“None of this is to suggest all is well in manufacturing — both reports showed distinct slowdowns in factory activity, a worrying trend since manufacturing and exports have been stalwarts of the recovery.”

The stock market, at least, is taking a wait-and-see approach. Though stocks tumbled on the release of the report, they wandered higher throughout the day. But it is unclear how long the U.S. can withstand continued contraction in Europe and elsewhere. The blog Zero Hedge posted an analysis of global manufacturing numbers from Bank of America, showing that 17 of 24 countries are reporting a contraction in that sector. The news is not good and, according to the bank, “The ongoing sovereign-debt and banking crisis continues to weigh on the region’s economic activity and sentiment. The euro area slowdown is beginning to impact the rest of the world.”

MORE: How Dangerous Is America’s Debt?

19 comments
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Chhajuram Induscharwak
Chhajuram Induscharwak

Recovery of world economy and particularly developed economies bound to remain in doubt because real recovery is committed while cutting parasitic or unproductive expenditure and investing in productivity.The evolutionary present stage of capitalism can not bear parasitic or unproductive expenditure hence this lies speed up of globalization.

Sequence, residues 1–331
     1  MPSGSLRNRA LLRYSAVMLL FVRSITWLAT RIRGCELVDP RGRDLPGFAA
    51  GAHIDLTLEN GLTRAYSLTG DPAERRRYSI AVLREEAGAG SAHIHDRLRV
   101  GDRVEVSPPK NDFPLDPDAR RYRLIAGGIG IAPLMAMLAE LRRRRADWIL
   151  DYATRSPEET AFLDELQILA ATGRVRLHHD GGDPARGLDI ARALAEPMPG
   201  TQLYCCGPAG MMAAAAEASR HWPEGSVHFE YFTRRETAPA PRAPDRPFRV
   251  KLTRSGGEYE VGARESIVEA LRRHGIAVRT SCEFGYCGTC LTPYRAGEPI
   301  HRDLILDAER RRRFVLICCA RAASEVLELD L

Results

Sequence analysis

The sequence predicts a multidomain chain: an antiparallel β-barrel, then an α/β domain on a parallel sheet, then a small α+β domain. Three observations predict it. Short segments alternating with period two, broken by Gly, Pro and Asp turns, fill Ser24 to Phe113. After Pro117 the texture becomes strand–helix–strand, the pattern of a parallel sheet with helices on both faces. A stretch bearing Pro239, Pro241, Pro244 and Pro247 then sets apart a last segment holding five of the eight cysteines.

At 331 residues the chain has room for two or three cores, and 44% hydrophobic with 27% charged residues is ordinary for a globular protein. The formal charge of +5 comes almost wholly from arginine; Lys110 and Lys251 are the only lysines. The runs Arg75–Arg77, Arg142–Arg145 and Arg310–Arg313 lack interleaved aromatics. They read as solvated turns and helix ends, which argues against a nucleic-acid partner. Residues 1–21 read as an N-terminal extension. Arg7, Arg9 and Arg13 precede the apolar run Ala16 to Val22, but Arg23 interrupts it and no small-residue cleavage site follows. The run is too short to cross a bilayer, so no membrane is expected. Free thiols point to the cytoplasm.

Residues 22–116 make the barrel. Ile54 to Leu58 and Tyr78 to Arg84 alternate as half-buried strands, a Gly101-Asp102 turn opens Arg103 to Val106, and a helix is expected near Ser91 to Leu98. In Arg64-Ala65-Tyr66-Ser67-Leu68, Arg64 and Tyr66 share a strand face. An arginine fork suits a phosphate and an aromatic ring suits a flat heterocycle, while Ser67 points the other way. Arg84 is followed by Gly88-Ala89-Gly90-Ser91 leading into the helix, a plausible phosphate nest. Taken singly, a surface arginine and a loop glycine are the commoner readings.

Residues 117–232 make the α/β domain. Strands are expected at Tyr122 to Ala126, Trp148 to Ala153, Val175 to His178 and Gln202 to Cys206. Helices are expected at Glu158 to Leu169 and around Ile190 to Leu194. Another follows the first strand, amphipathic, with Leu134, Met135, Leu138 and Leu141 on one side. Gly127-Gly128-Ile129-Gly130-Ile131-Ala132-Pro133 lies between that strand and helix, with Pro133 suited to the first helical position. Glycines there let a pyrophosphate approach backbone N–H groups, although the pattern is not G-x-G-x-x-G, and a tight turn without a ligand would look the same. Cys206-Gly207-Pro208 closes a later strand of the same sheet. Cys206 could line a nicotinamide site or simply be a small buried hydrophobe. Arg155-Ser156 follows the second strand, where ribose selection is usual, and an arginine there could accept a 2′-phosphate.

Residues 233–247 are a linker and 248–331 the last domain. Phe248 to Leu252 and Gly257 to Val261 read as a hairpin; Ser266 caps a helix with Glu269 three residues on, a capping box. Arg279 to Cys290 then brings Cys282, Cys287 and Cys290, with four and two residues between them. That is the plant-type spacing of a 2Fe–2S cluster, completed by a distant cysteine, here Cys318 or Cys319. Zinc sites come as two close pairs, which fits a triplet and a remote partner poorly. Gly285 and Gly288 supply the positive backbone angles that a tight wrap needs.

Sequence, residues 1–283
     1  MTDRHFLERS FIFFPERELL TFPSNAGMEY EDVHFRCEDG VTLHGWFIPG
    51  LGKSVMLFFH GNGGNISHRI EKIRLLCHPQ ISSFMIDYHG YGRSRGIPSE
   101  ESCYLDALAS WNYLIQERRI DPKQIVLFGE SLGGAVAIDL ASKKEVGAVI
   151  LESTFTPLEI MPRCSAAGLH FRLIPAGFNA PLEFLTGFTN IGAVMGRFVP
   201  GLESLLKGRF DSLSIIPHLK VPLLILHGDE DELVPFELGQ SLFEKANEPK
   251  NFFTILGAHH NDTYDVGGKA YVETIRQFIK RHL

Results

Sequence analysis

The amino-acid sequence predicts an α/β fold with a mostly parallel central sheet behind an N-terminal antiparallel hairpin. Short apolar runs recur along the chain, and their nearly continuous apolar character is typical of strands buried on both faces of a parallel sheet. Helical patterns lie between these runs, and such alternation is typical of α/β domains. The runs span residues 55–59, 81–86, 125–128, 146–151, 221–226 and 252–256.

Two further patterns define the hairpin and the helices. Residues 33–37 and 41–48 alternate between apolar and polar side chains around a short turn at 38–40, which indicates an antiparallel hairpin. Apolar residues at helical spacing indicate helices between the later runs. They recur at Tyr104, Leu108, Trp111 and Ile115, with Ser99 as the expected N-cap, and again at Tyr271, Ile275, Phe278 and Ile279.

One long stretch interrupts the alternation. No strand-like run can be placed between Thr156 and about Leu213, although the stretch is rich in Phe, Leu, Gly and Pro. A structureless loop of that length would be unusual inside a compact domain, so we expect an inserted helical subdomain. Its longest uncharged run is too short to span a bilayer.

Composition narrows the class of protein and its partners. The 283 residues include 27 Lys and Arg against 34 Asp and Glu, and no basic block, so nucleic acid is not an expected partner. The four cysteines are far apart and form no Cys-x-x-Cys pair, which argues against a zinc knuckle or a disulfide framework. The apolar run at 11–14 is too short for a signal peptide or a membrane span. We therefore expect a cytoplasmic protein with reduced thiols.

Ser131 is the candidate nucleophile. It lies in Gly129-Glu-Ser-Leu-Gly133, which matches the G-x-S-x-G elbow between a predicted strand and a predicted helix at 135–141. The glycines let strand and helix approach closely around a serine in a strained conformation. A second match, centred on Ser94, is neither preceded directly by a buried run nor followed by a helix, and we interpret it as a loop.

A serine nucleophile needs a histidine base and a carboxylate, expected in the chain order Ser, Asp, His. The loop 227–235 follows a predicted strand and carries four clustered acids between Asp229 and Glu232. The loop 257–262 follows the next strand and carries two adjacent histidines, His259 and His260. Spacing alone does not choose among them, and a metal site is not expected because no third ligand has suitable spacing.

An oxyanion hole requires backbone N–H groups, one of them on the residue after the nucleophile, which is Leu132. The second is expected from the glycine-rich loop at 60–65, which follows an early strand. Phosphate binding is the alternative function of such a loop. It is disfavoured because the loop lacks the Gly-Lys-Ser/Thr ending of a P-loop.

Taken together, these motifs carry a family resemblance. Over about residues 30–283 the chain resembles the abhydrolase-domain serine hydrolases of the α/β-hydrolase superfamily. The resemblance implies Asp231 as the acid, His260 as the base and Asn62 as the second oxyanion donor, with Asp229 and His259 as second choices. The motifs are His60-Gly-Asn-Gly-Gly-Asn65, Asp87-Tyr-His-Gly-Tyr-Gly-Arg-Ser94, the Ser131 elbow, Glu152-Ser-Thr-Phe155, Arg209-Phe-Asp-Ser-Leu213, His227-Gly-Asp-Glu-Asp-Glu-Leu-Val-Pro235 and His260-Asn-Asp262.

sovring
sovring

We are still in a recession, and it is getting worse. Only Christmas and Tax returns gave a false recovery, and Govt stimulus. No improvement in fundamentals(jobs).

(and no signs of hope for the future)Low interest rates getting buyers for real estate, but no jobs no recovery. The European slowdown has yet to show, but it will any month now and compound what was already lurking - a very bad economy

with alot of broke people living week to week. 

Maureen Owen
Maureen Owen

How about "The American slowdown has finally hit Europe"?

DebbieSmith1956
DebbieSmith1956

Here is an article that shows how grim the economic growth prospects are for both the advanced and emerging economies of the world:

http://viableopposition.blogsp...

All of the actions by the world's central banks have not been able to prod the world's reluctant economy back to life over the long term and, despite that, Mr. Bernanke et al persist with their easing and Twisting.